Getting Sick in Buenos Aires
Life as a traveler is a life full of excitement, you learn to ebb and flow with the constant change of surroundings, friends and acquaintances. Days are filled with things you have never seen, foods you have never tasted and experiences you have never experienced. As your environment changes you change, your perspective changes and you see the world and its people differently than before. Life as a traveller is to choose transience and a life a lot less ordinary. Now I will be the first to admit I choose to view life through my rose colored glasses however this unordinary life of mine reminded me this week that there are just a few certain boring ordinary life moments one can not escape from not matter how hard one tries. Today I am referring to the mundane task of catching a cold in winter.
As I watched a snotty nose teenager sneeze into his hand only to return said hand to the same pole I was grasping for balance on the subway I made a mental note to add hand sanitiser to my shopping list. Catching a cold in the city is surprisingly easy to do, as it is an any other large city around the world where you share public spaces such as buses and trains with A LOT of people. And some of those people are generous with their germs. It also doesn’t help that a Buenos Aires’ winter is rather a lot colder and damper than I had imagined and my current wardrobe really doesn’t make the grade. Despite the recent replenishment of merino it is still rather crisp most days. The result of all this being I am sick.
I’m in Argentina and I require a trip to the pharmacy
I am accustomed to buying my basic medicines such as throat lozenges or paracetamol from my local supermarket. But this is not how things work everywhere and here if I was going to medicate my cough and sneezes away I was going to need to speak with a pharmacist. Luckily the sight of pharmacies around the city is almost as common as pizzerias and parrillas.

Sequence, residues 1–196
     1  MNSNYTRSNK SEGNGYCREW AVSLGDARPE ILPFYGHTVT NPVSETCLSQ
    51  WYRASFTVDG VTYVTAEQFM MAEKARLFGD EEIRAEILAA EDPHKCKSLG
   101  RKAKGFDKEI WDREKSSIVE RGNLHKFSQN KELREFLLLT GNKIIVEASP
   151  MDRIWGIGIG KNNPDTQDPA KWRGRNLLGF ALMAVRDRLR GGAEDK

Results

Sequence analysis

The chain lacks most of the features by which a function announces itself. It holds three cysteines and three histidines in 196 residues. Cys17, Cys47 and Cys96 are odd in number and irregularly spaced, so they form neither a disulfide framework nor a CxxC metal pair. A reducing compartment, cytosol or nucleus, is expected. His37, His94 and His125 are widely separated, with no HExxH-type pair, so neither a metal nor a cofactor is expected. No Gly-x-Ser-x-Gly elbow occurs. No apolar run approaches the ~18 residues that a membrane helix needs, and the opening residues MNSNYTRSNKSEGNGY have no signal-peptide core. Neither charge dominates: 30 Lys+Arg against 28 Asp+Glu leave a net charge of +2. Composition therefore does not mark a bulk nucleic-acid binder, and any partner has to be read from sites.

The most popular Pharmacies or Farmacias in Buenos Aires Are:
- Farmacity (Everywhere in the City of Buenos Aires and the Province of Buenos Aires)
- Farmacia Vangate
- Farmacias del Dr. Ahorro
- Farmacia Rex
I was nervous about my impending trip to the pharmacy as medical vocabulary is not yet part of my basic Spanish repertoire. In my Spanish class that day I was able to role play the conversation with my teacher while she taught me some necessary key words, such as ‘toss’ (cough) and ‘me duele la cabeza’ (my head hurts). Thanks to that confidence boost I headed to the pharmacy around the corner, took a number from the small dispenser and waited to be called. The pharmacist was super friendly, even complimenting my Spanish and running around selecting options for me. After being offered children’s chewables among other similarly childish flavoured medicines I settled on a cherry and chocolate flavoured cough syrup as it did say it was for adults on the box. I have yet to determine how much of the flavoured medicine was on offer due to my ridiculously young looking babyface and how much is just the way medicine is here. I bought the cough syrup as well as some paracetamol for a grand total of 100 pesos, markedly cheaper than New Zealand or North America. And there was even enough left over for my boyfriend when he inevitably succumbed to the same cold a few days later.
Check my other blog: From New Zealand to Argentina
Getting sick or catching a cold is so common and everyday it was not something that crossed my mind while preparing to travel. However, especially during long term travel, it is probably going to happen. If you’re lucky maybe even more than once. As a compulsive planner I had planned for the worst case scenarios, I have medical insurance with all the bangs and whistles. I had planned plasters for my blisters during the long exciting days exploring and batteries for my cameras to capture every unforgettable landscape. I planned for excitement and adventure and memories that would fuel my soul. The one thing I didn’t plan for was for the boring and everyday to creep in. I didn’t plan to stay in early on a Friday night with a cold and cherry flavoured cough syrup.